Friday, March 30, 2012

What I've enjoyed this month: March 2012

Another month (nearly) over and another review post to honour the occasion. March has been a bit easier going than February, thank goodness, and I'm hoping our trip north can provide a nice finish and transition to April. Poor Mr Bite has now come down with a cold though - separate, it would seem, to my chest infection! - so we are doing a tag team of sub-optimal health. Fingers crossed he feels better for our planned departure tomorrow.

Illness aside, there have been some positives to March. Quite a few in fact.

I enjoyed a run of Mexican dishes, starting with the dinner for Mr Bite's mother and ending with this lunch:

A rare yellow capsicum (rare that I buy them, not rare per se) with four-bean mix, salsa, nutritional yeast and a side of barbecue-flavoured rice crackers.

I'm not sure why I stopped this run of Mexican actually.

I also enjoyed pineapple, lemon and ginger tea that my Mum brought back for me from Queensland.

Her trip to Queensland actually deserves note in its own right - my Dad has travelled for business semi-regularly for the duration of my life, but this was the first time my Mum went away for work. I think she had a good time, but heard via my sister that home meals were a bit odd in her absence!

Yes, my tea strainer for loose leaf teas is a duck. I like it very much.

I took my camera around the local neighbourhood.

There's something really fun about taking a different perspective on things nearby.

I rediscovered pikelets...

No further explanation required.

We went to Sculptures by the Sea...

We also enjoyed watching Season One of MisfitsHas anyone else seen this English science fiction comedy drama on ABC 2? We watched Season Two last year and it was one of those rare shows that we both really liked, to the extent that I actually looked forward to watching it (there are few TV shows in that category for me).

Our local library had Season One and we finally reached the top of the reserve queue this month. I think it was even better than the second season, but I'm now slightly worried that the show is on a downhill slide...I'm not liking Season Three as much. We've only watched the first episode of it though, so I should probably give it more time.

Finally, on a blog note, I updated my Recipes page. It's now streamlined with new sub-headers, and I like it much better.

Tomorrow, to Exmouth! Or at least, to Geraldton, on route to Exmouth. There may be some picture heavy posts over the next week :-) (my laptop is coming with us).

What has your March involved?

Wednesday, March 28, 2012

Easter recipes: A round up

Mr Bite and I are heading up to Exmouth this Saturday, to spend nearly a week there before returning over the Easter long weekend. Although we don't exactly need more warm weather after the Summer we've had, I'm really looking forward to the break and to going further north in Western Australia than I've been before. It should be a relaxed week, with opportunities for exploring both on land and underwater (there are lots of snorkeling spots).

With the timing of our trip, I expect to do less Easter baking this year than usual. I may dive into some things on our return, or I may let this year slide a little - I'll see how it pans out. Usually I make some Easter-themed things and some baked goods that are just enjoyable to have around. After all, a 4-day long weekend is pretty much an excuse to bake, in my mind!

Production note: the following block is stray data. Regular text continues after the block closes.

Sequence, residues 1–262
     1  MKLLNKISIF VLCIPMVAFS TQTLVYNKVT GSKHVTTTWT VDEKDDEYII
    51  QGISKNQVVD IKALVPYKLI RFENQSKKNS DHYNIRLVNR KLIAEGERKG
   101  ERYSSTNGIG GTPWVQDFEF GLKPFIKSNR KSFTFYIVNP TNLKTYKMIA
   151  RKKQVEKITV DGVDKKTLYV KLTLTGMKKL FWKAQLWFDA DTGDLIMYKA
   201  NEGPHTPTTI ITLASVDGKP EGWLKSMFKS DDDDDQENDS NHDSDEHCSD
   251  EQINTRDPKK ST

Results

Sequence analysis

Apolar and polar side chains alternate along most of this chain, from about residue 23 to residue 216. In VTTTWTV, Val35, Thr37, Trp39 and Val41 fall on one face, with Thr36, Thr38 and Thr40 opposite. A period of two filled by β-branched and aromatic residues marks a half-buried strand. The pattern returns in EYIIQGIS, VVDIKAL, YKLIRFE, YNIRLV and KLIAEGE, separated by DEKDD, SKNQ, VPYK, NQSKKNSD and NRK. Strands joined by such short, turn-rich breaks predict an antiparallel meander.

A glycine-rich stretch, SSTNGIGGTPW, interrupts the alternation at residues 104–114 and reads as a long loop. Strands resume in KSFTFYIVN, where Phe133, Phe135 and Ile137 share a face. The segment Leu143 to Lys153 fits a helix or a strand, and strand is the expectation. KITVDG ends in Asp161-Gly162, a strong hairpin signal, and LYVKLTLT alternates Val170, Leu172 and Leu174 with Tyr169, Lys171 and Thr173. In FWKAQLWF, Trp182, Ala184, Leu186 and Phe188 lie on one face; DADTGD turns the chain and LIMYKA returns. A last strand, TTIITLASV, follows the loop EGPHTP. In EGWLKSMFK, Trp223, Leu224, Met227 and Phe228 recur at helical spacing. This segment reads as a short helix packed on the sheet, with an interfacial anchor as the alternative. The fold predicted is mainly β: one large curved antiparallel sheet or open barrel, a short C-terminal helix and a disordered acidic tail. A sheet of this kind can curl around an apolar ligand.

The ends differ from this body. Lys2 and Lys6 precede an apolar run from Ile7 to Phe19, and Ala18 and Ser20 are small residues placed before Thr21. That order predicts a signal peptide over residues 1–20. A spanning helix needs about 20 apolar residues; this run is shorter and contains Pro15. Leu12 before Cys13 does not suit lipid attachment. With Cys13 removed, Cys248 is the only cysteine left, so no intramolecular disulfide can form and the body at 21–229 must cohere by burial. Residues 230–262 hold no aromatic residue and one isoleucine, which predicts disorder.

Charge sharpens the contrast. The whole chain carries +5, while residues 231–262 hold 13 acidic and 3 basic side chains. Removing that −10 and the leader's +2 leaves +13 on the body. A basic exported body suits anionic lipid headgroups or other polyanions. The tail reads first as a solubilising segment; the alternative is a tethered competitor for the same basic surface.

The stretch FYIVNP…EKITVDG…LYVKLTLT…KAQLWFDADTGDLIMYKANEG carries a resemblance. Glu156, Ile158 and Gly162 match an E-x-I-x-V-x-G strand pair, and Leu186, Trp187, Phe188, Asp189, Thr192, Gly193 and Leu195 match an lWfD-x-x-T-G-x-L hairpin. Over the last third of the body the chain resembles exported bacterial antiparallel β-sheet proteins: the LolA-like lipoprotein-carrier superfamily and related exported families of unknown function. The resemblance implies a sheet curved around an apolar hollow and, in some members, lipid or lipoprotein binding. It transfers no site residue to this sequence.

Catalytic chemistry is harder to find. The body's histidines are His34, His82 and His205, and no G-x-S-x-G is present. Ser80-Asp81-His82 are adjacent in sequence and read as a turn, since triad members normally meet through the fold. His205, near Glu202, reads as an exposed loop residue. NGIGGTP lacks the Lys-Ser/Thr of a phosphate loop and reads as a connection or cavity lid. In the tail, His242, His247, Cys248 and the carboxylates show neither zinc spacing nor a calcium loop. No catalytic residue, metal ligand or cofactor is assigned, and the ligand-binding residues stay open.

Last year I had just bought my food processor and had fun with raw fruit and nut ballsberry-oat squares and lemon pie bars, and Hannah's chocolate coconut hazelnut fudge from Wayfaring Chocolate.

Vegan lemon pie bars - with terrible photography

Most years I also make Easter chocolates in some rabbit-shaped chocolate moulds I bought many years ago. I like being able to choose what chocolate goes in, and to combine flavours or add in ingredients if I'm feeling creative. Some examples of the sorts of shapes you can make are in this Easter chocolates post on

If you're looking for some other ideas for Easter this year, here are some of the things I might have made if we weren't going away...and which I may yet make later in April.

Sweet / baked goods

Blueberry lemon squares from Baked by Rachel - Almost a hybrid of my two Easter baking efforts last year.

Blueberry rye sourdough from cityhippyfarmgirl - Amazing looking bread.

Chilli chocolate egg lollies on BBC Good Food - Dark chocolate with chilli, on a stick.

Chocolate, blueberry and ginger scones from Green Gourmet Giraffe - These have been sitting in my 'to make' bookmark folder for 9 months now (!) and Easter seems like a good time to finally get to them.

Coconut peanut butter Easter eggs at The Baking Pan - Chocolate and peanut butter with coconut. What's not to love?

Easter bunny biscuits on - Flavoured with cinnamon and lemon.

Gingerbread flax muffins from Post Punk Kitchen - Ginger, cinnamon, cloves...good flavours.

Honeycomb Hokey Pokey from Hotly Spiced - This recipe almost looks too good to be true, with 3 ingredients but incredibly crispy honeycomb results.

Hot cross muffin buns on BBC Good Food - A fun variation on standard hot cross buns (mine, of course, would have no peel).

Lemon drizzle cake on BBC Good Food - This ingredient list includes polenta and yoghurt.

Lemon and rosemary cupcakes from Delicious Magazine - Rosemary in cupcakes has me captivated.